The muscle was actually impeding the movements of the toothbrush, leading to suboptimal oral hygiene. The attachment would have definitely created a space problem for the pontics and an area of food impaction, further worsening the situation. A decision to reposition the attachment apically was undertaken. Discussed with the patient were treatment options such as fenestration surgery, apical repositioning with free gingival grafts, ‘frenectomy’ plus free gingival grafts, and apical repositioning with an acrylic stent. The patient accepted the last option and gave written consent.

    Investigations

    Routine hematological investigations were carried out and were within normal limits.

    Treatment

    An irreversible hydrocolloid (alginate) impression of the lower arch was taken and a cast made in gypsum. It was decided to construct an acrylic surgical stent, as a periodontal dressing would have not stayed in proper apical position due to counteracting forces created by muscle activity. Approximating the anticipated loss of tissue resulting from the surgical procedure, the cast was marked and scored to ensure close contact of the stent with the alveolar ridge (Figure 4). A passive fit of the stent was checked in the patient’s mouth, and final adjustments were accomplished (Figure 5). The stent was then smoothed and highly polished to minimize the accumulation of biofilms.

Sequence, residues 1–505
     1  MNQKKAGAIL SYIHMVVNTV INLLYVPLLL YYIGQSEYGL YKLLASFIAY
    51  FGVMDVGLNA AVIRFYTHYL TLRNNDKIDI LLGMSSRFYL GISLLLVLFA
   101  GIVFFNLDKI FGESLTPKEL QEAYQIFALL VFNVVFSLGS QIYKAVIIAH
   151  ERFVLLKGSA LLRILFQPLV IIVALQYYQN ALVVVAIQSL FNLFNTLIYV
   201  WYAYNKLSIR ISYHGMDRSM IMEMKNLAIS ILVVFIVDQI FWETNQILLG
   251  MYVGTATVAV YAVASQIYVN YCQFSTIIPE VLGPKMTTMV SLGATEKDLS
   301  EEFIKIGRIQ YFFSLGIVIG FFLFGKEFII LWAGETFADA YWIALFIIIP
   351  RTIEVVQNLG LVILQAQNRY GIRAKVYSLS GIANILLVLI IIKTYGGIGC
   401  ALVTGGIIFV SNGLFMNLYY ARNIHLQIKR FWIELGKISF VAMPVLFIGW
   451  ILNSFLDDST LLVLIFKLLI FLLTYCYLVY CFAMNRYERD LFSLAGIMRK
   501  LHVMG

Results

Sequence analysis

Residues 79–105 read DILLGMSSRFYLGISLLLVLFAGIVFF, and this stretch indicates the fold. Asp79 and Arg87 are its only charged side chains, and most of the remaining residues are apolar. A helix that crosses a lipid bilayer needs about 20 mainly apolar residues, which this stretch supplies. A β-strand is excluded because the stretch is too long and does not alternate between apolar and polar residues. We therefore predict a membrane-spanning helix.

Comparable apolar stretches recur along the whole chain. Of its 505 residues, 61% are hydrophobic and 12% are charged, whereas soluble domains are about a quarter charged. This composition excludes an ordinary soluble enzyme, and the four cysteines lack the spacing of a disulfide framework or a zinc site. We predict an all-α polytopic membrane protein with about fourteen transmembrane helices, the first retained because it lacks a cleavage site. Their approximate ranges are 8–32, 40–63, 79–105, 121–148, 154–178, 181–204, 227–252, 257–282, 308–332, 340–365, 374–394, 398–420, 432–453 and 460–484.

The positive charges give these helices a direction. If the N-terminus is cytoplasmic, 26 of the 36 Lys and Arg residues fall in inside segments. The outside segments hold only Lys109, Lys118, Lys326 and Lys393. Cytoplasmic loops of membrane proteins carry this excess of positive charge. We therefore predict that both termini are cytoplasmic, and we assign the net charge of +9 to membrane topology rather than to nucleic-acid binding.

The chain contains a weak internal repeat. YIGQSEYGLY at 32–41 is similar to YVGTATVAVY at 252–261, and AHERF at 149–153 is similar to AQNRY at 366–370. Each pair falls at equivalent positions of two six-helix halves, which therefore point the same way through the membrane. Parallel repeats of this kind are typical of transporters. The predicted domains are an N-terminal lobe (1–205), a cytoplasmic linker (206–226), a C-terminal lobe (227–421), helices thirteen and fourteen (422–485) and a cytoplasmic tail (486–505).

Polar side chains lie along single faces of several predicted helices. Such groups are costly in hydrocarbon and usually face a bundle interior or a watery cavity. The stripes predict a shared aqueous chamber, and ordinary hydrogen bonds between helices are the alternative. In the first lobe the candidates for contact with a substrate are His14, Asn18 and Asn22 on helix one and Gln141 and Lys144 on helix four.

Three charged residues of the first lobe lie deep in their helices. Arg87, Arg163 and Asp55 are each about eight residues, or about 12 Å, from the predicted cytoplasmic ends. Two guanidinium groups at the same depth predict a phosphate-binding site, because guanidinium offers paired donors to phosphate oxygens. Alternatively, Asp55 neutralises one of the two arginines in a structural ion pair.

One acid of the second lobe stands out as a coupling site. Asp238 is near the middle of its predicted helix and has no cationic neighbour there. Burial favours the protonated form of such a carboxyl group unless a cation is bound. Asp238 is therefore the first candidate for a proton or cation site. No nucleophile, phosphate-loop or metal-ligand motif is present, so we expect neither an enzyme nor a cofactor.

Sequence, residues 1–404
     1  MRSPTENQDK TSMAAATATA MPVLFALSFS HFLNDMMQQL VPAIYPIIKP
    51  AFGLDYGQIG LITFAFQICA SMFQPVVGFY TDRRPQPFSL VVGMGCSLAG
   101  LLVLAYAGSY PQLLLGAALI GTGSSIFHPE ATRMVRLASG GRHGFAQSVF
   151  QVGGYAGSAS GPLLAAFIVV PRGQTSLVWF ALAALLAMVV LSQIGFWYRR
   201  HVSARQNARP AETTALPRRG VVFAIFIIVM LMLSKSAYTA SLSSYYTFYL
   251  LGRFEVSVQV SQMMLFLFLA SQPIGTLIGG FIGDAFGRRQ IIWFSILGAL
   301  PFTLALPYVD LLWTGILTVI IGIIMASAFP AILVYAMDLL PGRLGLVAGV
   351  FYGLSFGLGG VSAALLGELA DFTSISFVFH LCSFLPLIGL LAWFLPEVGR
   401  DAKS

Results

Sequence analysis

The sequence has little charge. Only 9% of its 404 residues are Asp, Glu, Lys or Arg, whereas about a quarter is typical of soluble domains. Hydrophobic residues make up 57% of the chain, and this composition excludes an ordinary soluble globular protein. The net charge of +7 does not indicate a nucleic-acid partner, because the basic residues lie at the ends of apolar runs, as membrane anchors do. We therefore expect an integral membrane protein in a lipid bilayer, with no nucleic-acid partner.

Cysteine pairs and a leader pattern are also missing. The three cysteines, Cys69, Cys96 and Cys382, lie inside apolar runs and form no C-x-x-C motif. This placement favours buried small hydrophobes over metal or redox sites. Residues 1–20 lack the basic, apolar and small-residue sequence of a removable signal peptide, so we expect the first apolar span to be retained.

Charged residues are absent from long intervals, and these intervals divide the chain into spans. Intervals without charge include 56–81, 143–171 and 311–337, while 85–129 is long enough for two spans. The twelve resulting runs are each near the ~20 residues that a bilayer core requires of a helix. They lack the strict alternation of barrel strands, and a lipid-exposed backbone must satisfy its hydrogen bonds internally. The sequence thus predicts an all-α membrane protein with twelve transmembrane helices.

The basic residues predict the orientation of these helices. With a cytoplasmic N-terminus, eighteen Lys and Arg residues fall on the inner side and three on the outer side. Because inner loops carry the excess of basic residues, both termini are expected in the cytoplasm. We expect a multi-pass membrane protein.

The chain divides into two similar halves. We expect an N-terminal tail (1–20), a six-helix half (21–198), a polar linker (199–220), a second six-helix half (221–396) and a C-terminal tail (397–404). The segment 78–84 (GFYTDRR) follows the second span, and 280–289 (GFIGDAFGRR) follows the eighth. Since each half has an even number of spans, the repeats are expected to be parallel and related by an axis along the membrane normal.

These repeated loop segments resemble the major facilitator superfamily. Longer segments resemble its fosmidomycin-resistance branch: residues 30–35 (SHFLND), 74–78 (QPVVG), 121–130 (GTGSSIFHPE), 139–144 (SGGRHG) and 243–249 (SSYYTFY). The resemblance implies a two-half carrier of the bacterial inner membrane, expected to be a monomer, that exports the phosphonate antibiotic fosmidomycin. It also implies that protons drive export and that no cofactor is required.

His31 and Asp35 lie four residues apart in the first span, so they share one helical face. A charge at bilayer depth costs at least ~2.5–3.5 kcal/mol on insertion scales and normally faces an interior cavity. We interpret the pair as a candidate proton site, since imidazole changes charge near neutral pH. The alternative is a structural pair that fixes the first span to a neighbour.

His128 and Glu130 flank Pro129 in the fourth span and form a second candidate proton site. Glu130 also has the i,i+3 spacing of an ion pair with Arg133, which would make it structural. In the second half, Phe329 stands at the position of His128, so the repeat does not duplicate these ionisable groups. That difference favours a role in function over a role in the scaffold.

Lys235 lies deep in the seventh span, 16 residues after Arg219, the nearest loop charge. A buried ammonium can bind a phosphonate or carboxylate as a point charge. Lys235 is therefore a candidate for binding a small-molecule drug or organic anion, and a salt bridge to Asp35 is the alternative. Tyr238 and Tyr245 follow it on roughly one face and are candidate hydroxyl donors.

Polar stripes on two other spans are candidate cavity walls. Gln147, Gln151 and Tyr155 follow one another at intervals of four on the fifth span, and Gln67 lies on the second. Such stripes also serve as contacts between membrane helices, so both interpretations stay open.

Under local anesthetic (2% lignocain with 1:80,000 epinephrine) to obtain a localized field block, a crestal incision was performed, keeping the incision slightly buccal. The incision was extended anteriorly two to three teeth and posteriorly distal to the last molar. The muscle attachment was detached from the crest and dissection was continued inferiorly for approximately 1.5 cm to 2 cm. Deeper to that, the dissection continued apically while keeping the periosteum intact (split-thickness). The achieved vestibular depth and muscle repositioning was checked by retracting the cheek (Figure 6). After adequate depth was achieved, the area was irrigated, the hemorrhage controlled, and the surgical stent stabilized in place (Figure 7).